To achieve a second position of the muzzle brake 100, in which the holes 124 of the inner sleeve 116 are aligned with the holes 128 of the outer sleeve 120, the outer sleeve 120 is rotated with respect to the inner sleeve 116 by applying finger pressure to the outer sleeve 120, such finger pressure being facilitated by the knurled rings 164 of the outer surface of the outer sleeve 120. The outer sleeve 120 is rotatable approximately thirty degrees such that the pins 180 exit the first longitudinal recess 172 of each detent channel 168, pass along the relatively flat intermediate portion 176 of the detent channel 168, and then "drop into" the second longitudinal recess 172 of each detent channel 168. As the outer sleeve 120 is being rotated through its entire approximate thirty degree angular range of movement, the pins 180 cause the relatively flat and shallow intermediate portion 172 of the corresponding detent channels 168 to deform slightly. This is because the outer sleeve 120 is formed from a somewhat softer material than that of the inner sleeve 116 and the pins 180. In the preferred embodiment of the present invention, the amount of deformation is two to three thousandths of an inch (0.002"-0.003"). Also, with no rotation of the outer sleeve 120, the design of two longitudinal recesses 172 of each detent channel 168 cause the pins 180 to remain within one of the recesses 172 at all times, unless sufficient pressure is applied to the outer sleeve 120 to turn the outer sleeve 120 with respect to the inner sleeve 116 and overcome the detent formed by the different depths of penetration of the longitudinal recesses 172 and the intermediate flat portion 176.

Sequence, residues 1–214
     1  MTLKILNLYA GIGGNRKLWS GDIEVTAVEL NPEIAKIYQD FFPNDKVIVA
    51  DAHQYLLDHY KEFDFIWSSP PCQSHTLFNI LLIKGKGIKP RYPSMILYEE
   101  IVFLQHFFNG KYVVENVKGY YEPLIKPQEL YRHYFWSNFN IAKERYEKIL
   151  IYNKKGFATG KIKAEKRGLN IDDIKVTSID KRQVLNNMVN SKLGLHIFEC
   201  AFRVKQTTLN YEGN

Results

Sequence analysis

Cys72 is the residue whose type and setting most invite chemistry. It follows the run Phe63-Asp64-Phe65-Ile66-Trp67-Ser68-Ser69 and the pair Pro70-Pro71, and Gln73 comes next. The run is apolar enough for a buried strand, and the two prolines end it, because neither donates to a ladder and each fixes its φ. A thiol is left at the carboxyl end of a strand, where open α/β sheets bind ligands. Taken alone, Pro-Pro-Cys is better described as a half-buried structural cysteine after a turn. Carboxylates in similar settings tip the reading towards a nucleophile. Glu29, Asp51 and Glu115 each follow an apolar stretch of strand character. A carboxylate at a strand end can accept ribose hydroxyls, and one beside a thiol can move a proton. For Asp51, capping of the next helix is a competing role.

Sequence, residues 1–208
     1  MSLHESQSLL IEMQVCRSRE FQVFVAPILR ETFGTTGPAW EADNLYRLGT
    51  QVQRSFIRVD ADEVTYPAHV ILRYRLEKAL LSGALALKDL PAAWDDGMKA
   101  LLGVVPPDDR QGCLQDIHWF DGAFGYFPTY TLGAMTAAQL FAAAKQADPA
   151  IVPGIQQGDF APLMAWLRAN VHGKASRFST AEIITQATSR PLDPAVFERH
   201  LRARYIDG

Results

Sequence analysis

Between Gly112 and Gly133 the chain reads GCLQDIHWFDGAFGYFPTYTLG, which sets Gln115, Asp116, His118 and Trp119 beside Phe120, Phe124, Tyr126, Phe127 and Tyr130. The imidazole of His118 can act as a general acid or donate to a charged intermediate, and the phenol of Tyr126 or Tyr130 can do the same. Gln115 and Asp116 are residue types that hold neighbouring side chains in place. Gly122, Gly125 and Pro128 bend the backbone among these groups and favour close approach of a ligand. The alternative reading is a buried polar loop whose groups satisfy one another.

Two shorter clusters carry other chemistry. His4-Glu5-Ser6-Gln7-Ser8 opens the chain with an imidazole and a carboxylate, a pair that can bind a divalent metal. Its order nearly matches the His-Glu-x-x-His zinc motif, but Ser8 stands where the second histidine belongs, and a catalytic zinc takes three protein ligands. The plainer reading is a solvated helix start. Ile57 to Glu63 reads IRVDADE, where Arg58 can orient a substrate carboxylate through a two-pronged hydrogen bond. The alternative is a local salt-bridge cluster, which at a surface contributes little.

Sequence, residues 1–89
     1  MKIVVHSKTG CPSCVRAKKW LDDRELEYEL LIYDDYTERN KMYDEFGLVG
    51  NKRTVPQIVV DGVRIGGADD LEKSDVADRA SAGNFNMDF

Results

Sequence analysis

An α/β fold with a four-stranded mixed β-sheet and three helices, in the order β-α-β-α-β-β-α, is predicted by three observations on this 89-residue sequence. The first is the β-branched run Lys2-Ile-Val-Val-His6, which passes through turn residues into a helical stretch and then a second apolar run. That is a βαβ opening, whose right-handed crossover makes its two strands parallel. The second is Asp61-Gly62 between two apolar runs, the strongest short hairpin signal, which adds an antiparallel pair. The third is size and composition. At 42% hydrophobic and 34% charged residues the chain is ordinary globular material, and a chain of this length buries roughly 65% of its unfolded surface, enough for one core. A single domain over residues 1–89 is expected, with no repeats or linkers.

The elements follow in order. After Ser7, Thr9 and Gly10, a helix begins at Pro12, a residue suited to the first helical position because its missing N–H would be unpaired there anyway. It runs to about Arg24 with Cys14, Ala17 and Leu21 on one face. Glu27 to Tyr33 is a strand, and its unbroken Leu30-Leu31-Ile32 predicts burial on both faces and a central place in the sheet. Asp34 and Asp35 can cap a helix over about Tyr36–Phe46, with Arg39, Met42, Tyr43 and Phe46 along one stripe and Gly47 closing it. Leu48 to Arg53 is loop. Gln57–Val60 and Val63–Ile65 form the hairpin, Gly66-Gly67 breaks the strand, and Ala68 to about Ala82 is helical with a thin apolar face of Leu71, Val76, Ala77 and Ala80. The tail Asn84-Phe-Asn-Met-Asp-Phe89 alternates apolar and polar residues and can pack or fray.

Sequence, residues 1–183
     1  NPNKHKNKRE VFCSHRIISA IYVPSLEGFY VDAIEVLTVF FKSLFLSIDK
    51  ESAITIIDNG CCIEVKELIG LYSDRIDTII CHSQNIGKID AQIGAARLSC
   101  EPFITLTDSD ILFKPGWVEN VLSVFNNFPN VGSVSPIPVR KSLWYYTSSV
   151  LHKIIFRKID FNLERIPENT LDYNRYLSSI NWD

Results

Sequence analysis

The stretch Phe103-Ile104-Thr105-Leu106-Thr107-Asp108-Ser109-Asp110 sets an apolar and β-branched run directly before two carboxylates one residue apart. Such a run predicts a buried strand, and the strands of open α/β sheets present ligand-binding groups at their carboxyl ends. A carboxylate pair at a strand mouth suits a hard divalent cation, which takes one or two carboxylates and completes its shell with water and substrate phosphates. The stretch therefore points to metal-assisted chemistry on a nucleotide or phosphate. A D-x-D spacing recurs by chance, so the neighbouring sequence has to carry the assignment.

It has been determined experimentally that the number, size and pattern of the holes 124, 128 formed in both the inner and outer sleeves 116, 120 provide for an approximate thirty percent reduction in the amount of recoil force when the muzzle brake 100 is equipped on the aforementioned Model 116SE rifle 112 provided by Savage Arms, Inc. This recoil reduction is a result of the holes 128 in the outer sleeve 120 aligning with the holes 124 in the inner sleeve 116; that is, when the outer sleeve 120 is rotated such that the pins 180 are in the position shown in FIG. 5. When the rifle 112 is fired, the expanding gases that propel the bullet down the rifle barrel 108 follow the bullet closely down the barrel 108 until the bullet and gases reach the muzzle brake 100 of the present invention. Then the gases escape through the aligned holes 124, 128 in the inner and outer sleeves 116, 120 out to the ambient atmosphere, as illustrated in FIG. 7. The gases escape in directions which are essentially transverse to the axis of the barrel 108. It has been further discovered experimentally that the approximate thirty percent reduction in recoil force has only an approximately four percent reduction in the amount of energy propelling the bullet out of the muzzle brake 100 and toward its intended target. A larger reduction in the amount of recoil force could have been achieved; however, it would have come at a greater loss of energy behind the bullet.